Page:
Bringing hospice into the nursing home
Why your nursing home patients need hospice
When end-stage Alzheimer’s patients become bedbound, families often have little choice but to place them in nursing homes. This places a tremendous financial burden on families, but even more devastating is the tremendous guilt nursing home placement brings. When that stage comes, hospice can be your patient’s best friend.
"Most nursing homes are understaffed. They may have one social worker for 120 beds. When hospice comes into the nursing home, we do everything. We make it clear to nursing home staff that we realize this is your facility, but you have to realize this is our patient, and we will win," says Patricia J. Whitney, MA, MBA, director of hospice for St. Mary’s Hospice in Spring Valley, IL.
Fighting government regulation
The battles are many. "We have one patient in a nursing home and the nursing home is not administering the patient’s pain medication," notes Whitney. "Hospice pain management is not understood in nursing homes. It’s preventive pain management. It’s time-released. Most nursing homes won’t administer pain medications unless the patient appears to be actively in pain. We fight to get our patients their pain medications before they suffer."
In one case, the nursing home staff was not getting Whitney’s hospice patient out of bed because the nursing staff felt the patient was in too much pain to be moved. "We told them, you move the patient, and we’ll take care of his pain. In fact, the patient was in pain because he hadn’t been moved."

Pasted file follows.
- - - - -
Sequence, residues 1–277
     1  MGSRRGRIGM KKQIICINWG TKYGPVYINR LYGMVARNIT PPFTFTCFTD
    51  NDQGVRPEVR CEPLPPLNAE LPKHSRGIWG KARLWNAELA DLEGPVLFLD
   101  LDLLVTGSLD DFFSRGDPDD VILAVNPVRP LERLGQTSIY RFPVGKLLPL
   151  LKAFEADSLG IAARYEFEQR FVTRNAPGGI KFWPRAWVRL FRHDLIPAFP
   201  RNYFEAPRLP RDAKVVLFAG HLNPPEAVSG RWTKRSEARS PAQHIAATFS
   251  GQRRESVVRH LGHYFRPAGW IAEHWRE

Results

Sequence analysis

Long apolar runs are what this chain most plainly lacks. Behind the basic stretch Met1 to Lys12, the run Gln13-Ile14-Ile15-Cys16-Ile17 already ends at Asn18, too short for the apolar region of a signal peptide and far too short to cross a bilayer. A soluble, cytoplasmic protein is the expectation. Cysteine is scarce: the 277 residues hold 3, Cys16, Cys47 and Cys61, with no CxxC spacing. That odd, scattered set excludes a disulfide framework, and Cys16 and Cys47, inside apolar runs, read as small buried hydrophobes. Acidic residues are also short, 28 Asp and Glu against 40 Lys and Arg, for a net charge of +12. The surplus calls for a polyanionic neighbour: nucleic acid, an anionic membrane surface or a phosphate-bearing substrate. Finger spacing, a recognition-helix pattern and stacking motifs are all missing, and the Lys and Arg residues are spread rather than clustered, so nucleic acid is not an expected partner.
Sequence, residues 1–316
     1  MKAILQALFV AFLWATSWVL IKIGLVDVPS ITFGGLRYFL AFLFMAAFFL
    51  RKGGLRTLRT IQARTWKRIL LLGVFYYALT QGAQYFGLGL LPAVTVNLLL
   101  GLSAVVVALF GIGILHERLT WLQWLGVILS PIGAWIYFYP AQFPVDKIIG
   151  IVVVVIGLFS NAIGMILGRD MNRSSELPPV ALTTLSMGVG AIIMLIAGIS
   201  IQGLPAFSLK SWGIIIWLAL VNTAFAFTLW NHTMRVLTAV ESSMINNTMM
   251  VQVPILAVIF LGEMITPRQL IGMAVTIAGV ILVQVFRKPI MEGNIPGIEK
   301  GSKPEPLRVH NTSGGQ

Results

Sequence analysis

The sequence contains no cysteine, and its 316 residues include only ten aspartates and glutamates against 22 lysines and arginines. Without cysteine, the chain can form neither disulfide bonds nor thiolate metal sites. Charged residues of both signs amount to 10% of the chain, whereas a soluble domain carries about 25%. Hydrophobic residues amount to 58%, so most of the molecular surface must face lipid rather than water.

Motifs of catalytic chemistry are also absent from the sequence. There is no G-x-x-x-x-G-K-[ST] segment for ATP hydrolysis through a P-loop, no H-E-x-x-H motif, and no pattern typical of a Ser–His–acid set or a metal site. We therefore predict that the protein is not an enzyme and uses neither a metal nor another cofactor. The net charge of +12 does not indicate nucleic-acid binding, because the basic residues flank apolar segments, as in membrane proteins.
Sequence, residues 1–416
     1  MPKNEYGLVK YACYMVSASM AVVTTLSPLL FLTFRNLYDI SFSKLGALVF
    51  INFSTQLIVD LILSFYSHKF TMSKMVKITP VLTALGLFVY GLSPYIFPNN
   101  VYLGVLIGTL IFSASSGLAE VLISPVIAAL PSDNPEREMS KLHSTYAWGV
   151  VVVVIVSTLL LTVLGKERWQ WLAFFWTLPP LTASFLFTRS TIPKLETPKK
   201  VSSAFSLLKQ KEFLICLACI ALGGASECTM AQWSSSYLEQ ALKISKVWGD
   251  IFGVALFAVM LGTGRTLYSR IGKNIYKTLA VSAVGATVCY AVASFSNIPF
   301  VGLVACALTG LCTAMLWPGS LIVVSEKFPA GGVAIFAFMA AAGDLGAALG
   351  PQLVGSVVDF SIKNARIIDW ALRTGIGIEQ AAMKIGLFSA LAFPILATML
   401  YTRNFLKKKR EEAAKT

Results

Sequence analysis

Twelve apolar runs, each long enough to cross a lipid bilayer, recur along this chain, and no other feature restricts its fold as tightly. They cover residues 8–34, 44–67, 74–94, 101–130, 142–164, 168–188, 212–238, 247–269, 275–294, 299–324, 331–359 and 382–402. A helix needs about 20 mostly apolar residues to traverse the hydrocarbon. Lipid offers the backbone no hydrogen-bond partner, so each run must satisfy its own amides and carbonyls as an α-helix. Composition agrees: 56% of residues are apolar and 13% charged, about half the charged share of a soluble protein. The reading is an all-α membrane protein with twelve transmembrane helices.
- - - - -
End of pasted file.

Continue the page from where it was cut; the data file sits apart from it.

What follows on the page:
Hospice also supplies nursing home patients with equipment to make their last days more comfortable. "We provide extra home health aides. Our own nurse acts as the case manager, and we bring equipment, as needed," says Whitney. "We had one nursing home using electric beds. Many of our patients can’t get out of that type of bed, so we bring in our own beds. We also bring in our own oxygen and meds."
"Our patients get a lot more care than the average nursing home patient. If we don’t like what we see happening to our patient, we will call the state Department of Health," says Whitney, adding that she’s only had to threaten to call the health department twice.
Now, the biggest battle hospice faces is with the federal government. "The nursing home population is the largest population we take care of," she says. "We are dealing with Medicare cutting back on nursing home reimbursement and forcing them out of business. Medicare complains we are duplicating services provided by the nursing homes, but we do so much more," she says. (For more on hospice for end-stage Alzheimer’s, see p. 189. For more on the impact of new Medicare payment systems, see pp. 181-186.)